Another modern choice is the pellet stove chimney. Wood pellet stoves are usually small and easy to operate. It burns bags of pellets about the size of a mulch bag.
Since the fire is included in a heating box within the stove, there’s less ash, less creosote, and less smoke than traditional heating options. A personal cleaning should be done monthly, but you should contact a chimney company for advice on your particular situation.
How to Clean a Chimney
Although creosote builds up slow, it can become a very genuine chimney fire hazard. The process of cleaning a chimney is at best a dirty one. Plus, there are several special tools and brushes you need for the firebox and flue if you are going to attempt the job yourself.
- Begin by using one of the smaller-diameter brushes to reach through the opening to clean out the smoke chamber and as far up into the chimney as the brush reaches.
- Using a high-quality tape, thoroughly seal the front of the fireplace with thick plastic sheeting. This blocks the opening and protects the home’s interior from any extra dust that will fall on the floor of the firebox.
- Remove anything that might be obstructing the top of the chimney, such as the chimney cap or any grates. Then use the largest-diameter brush to clean the flue from the top.
- Finish up by cleaning the interior of the fireplace.
Since this is a specialized job with specific tools, it is likely one best left to a licensed, professional chimney sweep. This is especially true since the potential consequences of doing the process poorly can be catastrophic.
When Should You Hire a Chimney Sweep
Although you may feel inclined to attempt removing the creosote yourself, to get the best results call a CSIA-certified chimney sweep. More than half of the chimneys serviced have an accumulation of hardened resin that requires extra cleaning with specific tools or chemicals. This is because many homeowners wait too long before scheduling an inspection.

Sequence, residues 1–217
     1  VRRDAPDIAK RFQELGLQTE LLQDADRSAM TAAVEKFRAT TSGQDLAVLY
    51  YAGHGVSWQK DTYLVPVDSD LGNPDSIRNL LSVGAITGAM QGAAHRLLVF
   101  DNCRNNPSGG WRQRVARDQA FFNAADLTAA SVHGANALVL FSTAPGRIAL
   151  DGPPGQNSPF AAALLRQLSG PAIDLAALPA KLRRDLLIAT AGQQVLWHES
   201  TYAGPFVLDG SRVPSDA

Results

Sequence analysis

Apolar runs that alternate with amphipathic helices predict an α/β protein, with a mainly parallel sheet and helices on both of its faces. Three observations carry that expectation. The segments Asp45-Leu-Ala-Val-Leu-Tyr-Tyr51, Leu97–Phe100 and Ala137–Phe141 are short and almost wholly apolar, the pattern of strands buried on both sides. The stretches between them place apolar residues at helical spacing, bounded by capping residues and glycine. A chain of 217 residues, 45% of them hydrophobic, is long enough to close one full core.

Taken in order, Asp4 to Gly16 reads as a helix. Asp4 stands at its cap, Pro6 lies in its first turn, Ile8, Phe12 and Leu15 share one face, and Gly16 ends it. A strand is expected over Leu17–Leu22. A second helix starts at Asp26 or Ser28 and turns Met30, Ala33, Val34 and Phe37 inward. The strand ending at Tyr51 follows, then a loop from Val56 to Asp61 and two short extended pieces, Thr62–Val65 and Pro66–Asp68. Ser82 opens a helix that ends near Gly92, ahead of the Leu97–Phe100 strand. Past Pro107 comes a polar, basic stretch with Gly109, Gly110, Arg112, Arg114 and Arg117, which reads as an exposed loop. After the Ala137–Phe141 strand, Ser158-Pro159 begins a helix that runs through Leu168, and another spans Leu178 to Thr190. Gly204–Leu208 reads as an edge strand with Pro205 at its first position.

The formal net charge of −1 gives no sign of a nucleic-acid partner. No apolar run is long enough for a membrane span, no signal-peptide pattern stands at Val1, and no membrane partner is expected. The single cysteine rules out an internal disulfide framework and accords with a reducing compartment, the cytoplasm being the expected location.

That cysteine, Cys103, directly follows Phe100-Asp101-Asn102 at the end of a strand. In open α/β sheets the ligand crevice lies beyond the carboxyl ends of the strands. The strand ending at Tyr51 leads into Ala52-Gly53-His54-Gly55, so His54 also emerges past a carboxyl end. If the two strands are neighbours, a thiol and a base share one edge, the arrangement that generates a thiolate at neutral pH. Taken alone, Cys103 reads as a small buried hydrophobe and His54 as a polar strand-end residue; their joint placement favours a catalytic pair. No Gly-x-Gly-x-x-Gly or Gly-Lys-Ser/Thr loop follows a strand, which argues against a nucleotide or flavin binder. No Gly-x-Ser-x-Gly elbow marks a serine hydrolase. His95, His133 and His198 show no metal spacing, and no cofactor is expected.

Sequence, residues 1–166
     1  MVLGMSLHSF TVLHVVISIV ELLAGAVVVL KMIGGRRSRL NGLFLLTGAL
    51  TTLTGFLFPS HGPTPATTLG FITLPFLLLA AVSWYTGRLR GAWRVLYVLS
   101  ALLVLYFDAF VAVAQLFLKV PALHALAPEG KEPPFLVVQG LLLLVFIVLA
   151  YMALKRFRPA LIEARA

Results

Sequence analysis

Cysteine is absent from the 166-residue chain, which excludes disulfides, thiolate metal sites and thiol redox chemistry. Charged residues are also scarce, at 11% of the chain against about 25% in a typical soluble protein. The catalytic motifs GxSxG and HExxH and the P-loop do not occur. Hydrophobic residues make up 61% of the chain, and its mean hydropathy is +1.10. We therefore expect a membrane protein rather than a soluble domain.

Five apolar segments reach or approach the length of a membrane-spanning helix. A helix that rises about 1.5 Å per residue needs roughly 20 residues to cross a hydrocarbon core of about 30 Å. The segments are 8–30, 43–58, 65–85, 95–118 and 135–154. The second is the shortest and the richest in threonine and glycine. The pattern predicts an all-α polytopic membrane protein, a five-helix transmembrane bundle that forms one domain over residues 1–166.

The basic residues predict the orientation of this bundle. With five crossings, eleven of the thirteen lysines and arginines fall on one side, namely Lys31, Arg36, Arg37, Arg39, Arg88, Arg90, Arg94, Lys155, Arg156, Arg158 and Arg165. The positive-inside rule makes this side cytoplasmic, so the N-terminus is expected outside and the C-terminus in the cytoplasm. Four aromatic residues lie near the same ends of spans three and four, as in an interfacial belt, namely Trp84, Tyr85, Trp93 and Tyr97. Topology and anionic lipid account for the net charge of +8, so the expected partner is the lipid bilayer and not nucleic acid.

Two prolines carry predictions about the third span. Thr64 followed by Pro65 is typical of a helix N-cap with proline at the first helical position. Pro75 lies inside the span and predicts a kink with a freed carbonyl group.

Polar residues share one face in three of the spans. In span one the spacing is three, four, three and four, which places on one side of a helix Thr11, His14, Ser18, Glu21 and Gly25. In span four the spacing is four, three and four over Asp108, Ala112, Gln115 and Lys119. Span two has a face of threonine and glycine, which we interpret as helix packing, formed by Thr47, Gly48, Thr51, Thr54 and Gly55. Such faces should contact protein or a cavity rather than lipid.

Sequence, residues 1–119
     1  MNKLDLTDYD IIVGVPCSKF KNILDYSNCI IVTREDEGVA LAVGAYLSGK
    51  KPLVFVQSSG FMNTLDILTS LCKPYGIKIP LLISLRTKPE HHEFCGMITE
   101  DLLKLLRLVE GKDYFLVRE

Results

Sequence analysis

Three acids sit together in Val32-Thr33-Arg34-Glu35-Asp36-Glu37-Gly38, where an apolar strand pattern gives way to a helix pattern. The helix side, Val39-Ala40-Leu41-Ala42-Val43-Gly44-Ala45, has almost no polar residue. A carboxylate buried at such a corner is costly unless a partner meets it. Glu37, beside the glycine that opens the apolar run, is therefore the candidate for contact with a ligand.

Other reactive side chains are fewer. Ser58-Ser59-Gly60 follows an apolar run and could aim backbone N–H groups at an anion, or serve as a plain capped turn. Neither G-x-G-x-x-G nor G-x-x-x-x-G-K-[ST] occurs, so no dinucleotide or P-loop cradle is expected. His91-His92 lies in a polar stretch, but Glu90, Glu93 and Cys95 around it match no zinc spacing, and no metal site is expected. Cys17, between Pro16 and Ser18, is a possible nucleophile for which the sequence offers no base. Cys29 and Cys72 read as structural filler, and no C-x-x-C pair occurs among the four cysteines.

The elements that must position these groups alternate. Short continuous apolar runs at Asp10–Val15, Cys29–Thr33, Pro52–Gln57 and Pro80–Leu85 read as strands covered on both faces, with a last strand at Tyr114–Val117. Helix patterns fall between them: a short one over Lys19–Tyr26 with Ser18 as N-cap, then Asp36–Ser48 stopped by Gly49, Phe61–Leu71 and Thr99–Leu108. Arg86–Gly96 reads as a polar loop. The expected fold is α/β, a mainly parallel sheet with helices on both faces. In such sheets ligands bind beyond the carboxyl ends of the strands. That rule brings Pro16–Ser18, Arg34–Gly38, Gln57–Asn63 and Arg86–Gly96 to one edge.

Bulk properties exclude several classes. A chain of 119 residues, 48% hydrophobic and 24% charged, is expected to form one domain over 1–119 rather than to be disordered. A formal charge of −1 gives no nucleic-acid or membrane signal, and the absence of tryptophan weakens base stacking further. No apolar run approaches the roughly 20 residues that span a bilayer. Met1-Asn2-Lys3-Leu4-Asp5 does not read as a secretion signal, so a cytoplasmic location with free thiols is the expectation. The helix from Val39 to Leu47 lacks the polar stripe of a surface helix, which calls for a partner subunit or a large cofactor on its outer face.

Professional chimney sweepers may see 40 to 50 chimney fires each year. Depending on how often you use your fireplace or wood-burning stove, you should have it inspected on a regular basis and at least once a year.
What Does a Chimney Sweep Do?
A chimney sweep has to be educated about construction codes, trained to recognize corrosion and venting issues, and equipped to advise homeowners about the chimney’s condition and solution options. They inspect the chimney’s exterior, as well as the interior. This includes the firebox, the liners, the smoke chamber, and the flue.
Professional cleaning includes an inspection for soot buildup, obstacles, and cracks in the chimney, as well as signs of water damage. Older chimneys often have gaps where the mortar has dropped out. New chimneys should be inspected for undiscovered defects in design or installation.
How to Hire the Best Chimney Sweep
Choose a chimney sweep that is qualified to assess your style of chimney and heating system. Make sure that the sweep you employ does more than pushing a brush. Verify that the technician is CSIA-certified and confirm the certification is up-to-date. Ask for references and proof of insurance of at least $300,000. Plus, ask about any warranty/guarantees provided.
Generally, chimney cleanings typically charge $100 to $350, based on Klotz. This depends on the individual job. Any special equipment needed for complications, such as hardened creosote buildup or creatures in the chimney will result in a higher charge.
To maintain a quaint and cozy fire in a safe environment, it is necessary to follow an annual inspection schedule and regular cleanings performed by a professional Long Island chimney sweep.